Maggie Green was then buried face-down in an unmarked grave outside the churchyard. It's exact location is no longer known.

Once Hopkins had left the villagers, called upon noted alchemist Hector Speight to protect them from the curse. Speight used powerful magics to ensure that the last person buried would watch over the churchyard and keep Church Stenton safe from Maggie Green’s curse.


1     The southern corner of St Crispin’s churchyard is set aside for the Whistable family plot. The Whistables are minor aristocrats and can trace their history in Church Stenton back to the fifteenth century.

In 1650, six years after Maggie Green was executed, Sir Horace Whistable’s daughter died. Sightings of the spectral watcher had already been reported, and Sir Horace quickly reached the conclusion that while it was acceptable for a commoner to watch over St Crispin’s churchyard, it was quite unacceptable behaviour for a member of the aristocracy. So he contracted the family solicitor, Silas Nettle, to ensure that whenever a Whistable was buried in St Crispin’s churchyard, the service and burial would take place in the morning. And in the afternoon, a second burial would take place – that of someone lower born.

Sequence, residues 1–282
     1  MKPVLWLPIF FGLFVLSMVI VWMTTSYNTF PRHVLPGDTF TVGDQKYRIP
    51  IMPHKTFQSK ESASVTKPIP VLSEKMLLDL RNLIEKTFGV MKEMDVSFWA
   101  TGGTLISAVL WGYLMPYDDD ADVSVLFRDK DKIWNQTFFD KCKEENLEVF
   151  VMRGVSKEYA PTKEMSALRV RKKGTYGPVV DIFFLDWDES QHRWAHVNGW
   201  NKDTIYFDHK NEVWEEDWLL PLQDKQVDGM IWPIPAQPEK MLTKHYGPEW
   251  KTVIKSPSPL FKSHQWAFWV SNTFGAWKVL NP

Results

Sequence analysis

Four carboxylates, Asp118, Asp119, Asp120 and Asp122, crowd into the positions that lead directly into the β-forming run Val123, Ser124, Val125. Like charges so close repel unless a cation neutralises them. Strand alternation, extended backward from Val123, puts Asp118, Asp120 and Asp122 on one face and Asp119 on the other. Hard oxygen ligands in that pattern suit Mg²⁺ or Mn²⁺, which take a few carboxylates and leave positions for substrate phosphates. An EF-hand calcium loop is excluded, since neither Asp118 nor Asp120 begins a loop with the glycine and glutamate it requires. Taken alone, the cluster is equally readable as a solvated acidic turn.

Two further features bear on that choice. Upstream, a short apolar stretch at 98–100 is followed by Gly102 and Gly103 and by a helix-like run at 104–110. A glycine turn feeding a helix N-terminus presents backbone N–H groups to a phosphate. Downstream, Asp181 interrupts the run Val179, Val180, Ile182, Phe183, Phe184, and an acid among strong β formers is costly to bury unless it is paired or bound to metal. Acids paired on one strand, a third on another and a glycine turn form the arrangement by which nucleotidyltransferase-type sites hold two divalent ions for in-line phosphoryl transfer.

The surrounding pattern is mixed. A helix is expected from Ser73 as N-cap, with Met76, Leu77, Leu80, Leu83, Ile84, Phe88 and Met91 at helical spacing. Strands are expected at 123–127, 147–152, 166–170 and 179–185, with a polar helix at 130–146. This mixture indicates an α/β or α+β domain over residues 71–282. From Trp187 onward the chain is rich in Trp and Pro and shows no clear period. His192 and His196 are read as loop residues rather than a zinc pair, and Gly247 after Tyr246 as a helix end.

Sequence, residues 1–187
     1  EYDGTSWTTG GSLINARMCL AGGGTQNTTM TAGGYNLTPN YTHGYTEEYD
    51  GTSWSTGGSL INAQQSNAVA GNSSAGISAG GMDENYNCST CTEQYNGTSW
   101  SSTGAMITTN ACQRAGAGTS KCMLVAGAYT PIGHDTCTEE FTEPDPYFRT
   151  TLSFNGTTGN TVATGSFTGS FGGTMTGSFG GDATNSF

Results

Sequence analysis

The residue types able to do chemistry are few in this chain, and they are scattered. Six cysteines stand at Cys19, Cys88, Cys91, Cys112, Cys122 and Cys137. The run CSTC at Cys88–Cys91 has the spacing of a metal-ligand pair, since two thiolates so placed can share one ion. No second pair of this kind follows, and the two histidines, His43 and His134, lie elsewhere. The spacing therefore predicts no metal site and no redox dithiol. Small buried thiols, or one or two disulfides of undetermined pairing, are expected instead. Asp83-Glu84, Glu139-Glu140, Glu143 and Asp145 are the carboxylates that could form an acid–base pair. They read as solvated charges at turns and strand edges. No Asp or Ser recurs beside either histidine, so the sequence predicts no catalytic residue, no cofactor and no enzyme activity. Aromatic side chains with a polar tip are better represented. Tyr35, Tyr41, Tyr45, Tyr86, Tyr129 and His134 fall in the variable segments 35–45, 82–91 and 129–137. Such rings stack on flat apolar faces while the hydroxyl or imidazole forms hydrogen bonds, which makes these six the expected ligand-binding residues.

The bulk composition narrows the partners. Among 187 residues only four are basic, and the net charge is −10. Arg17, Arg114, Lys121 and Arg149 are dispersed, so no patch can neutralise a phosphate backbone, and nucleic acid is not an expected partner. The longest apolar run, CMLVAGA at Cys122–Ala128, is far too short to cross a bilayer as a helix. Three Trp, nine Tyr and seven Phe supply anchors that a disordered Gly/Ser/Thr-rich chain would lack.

The contract has been in place ever since.

Whenever there is a Whistable burial in their family plot, their solicitors (now Creep and Nettle Solicitors, based in York) arrange for a second burial that same day. Usually their contacts in the hospitals and funeral parlours of Yorkshire ensures that no laws are broken. Sometimes, however, their contacts fail them – and then they resort to murder.

2     In 1706, as he lay on his deathbed, John Chobham made the Church Stenton community leaders an offer that they found it hard to refuse. In return for an annual fee (to be paid to his family and amounting to 10% of each year’s burial costs), he offered to be the ghost-watch. Forever. The agreement was made and papers drawn up.

Following each funeral, Chobham’s body is exhumed and then re-buried in a new plot - thus ensuring that he continues the ghost-watch and relieves the parishoners of Church Stenton from that particular burden. This continues to this day – and Chobham’s descendants are amongst the wealthiest in Church Stenton.